As the days progress, more and more people are showing interest in cannabis. From recreational to health to business, people are discussing the benefits of the plant. Some Vermont-based colleges are even offering courses for cannabis cultivation careers. With this increased interest, it’s important for casual and established users to have a full understanding of cannabis and its impact on the human body. And it all starts in the endocannabinoid system.
What is the endocannabinoid system?
In simple terms, the endocannabinoid system is a series of biochemical receptors in the body. These receptors control a variety of functions from our brains to our digestive systems to our hearts and more.
The endocannabinoid receptors are triggered by exposure to different chemicals called cannabinoids. There are more than 100 cannabinoids (that we are currently aware of) in your average cannabis plant. Our bodies also naturally produce some chemicals that interact with this system.
What happens when you use cannabis or CBD?
As an example of the endocannabinoid system in action, let’s look at a characteristic that both cannabis and CBD products share: reducing inflammation. Inflammation has a natural role in our immune system, but can cause some serious problems and chronic pain if something goes awry.
With a normal immune response from an infection, the body produces immune cells and pro-inflammatory molecules to fight off the infection. The body also releases its own endocannabinoids to help communicate with other immune cells as well as keep inflammation from progressing too much.
For a person with arthritis or a similar condition, inflammation may go far beyond its need, which creates pain with no result. Cannabis and CBD products can help by providing that same cannabinoid signal to reduce inflammation. With this additional stimulus, the body can reset to its regular balance.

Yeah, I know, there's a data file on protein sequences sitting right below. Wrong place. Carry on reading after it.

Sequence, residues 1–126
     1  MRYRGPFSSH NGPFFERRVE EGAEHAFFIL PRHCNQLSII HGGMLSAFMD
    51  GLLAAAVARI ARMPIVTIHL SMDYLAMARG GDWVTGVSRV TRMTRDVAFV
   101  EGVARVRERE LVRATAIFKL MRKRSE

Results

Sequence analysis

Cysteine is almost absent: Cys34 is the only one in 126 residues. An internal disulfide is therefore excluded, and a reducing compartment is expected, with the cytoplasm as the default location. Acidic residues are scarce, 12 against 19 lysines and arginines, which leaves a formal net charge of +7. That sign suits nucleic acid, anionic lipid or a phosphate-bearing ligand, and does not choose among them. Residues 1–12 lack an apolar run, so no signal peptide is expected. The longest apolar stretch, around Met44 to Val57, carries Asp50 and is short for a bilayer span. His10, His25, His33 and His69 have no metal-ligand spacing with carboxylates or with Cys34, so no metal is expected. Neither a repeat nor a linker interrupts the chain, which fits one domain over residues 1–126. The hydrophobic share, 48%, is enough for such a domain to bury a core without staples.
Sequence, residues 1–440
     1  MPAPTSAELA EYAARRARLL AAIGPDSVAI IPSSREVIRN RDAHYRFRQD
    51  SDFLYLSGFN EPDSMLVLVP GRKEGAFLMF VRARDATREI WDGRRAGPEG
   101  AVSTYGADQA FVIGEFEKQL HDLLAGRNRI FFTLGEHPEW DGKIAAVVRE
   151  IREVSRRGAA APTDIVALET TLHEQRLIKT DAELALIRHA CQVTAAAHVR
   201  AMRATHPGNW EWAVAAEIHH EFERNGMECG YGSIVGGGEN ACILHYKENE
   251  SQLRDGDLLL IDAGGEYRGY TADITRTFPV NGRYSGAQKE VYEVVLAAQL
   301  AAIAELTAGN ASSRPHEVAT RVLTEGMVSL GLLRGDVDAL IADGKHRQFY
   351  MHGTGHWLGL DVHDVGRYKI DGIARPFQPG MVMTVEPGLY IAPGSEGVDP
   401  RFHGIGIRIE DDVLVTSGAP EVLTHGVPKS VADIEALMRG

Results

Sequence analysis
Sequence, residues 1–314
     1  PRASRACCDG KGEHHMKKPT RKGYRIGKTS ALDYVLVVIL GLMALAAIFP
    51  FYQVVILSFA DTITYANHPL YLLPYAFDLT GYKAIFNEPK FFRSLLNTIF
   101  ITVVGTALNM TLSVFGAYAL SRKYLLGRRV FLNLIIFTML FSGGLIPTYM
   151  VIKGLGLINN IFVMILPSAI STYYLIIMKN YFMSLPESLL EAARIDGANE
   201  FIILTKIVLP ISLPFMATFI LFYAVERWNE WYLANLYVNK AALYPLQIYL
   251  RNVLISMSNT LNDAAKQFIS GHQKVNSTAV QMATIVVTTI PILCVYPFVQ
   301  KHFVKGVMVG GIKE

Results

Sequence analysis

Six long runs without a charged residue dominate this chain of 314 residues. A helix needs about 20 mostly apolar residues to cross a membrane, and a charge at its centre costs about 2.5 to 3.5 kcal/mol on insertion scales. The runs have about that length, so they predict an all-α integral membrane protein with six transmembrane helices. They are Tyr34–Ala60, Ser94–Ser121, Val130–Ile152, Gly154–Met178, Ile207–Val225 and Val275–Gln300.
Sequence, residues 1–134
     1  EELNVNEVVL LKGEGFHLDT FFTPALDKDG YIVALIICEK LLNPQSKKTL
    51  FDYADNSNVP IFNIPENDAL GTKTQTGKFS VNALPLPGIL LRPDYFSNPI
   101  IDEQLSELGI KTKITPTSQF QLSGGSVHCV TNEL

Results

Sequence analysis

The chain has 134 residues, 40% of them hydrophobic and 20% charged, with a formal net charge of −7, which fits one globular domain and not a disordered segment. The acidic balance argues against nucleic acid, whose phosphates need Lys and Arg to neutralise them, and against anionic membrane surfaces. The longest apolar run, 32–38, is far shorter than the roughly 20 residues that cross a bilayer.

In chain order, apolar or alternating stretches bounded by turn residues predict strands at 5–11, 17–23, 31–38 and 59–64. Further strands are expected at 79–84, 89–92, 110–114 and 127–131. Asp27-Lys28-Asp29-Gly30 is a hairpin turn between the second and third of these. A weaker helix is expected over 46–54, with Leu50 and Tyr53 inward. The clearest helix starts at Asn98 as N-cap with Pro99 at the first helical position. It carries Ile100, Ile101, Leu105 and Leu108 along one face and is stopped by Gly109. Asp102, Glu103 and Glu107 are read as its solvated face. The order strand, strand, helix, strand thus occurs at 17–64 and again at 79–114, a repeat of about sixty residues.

How long does it stay in the system?
Even after the high that comes with cannabis-use fades away, it doesn’t necessarily mean the product has fully left the body. Whether you smoke or consume edibles, it takes roughly the same amount of time for the THC to break down. As it breaks down, it can remain in your system for days, sometimes even weeks. Most people who test positive for marijuana on drug tests do so because of the THC metabolites, rather than the base chemical itself.
How long marijuana stays in your system varies based on:
- The individual person
- The quantity they smoked or consumed
- The strain and how much THC or other chemicals are present in it
This means that all home growers and harvesters should be mindful of when they consume the crops they grow. You don’t want to fail a drug test just because you feel alright at the time. CBD, however, is different in this regard. Most products do not contain THC and even the smallest traces may not show up on a test. For good measure, you should ask your workplace about CBD and its policy on drug tests before using.
Research is still uncovering different facts about the endocannabinoid system each and every day. What’s clear at this point is that cannabis can be a powerful substance, not just for recreational use, but as a contributor to improving health in a variety of ways.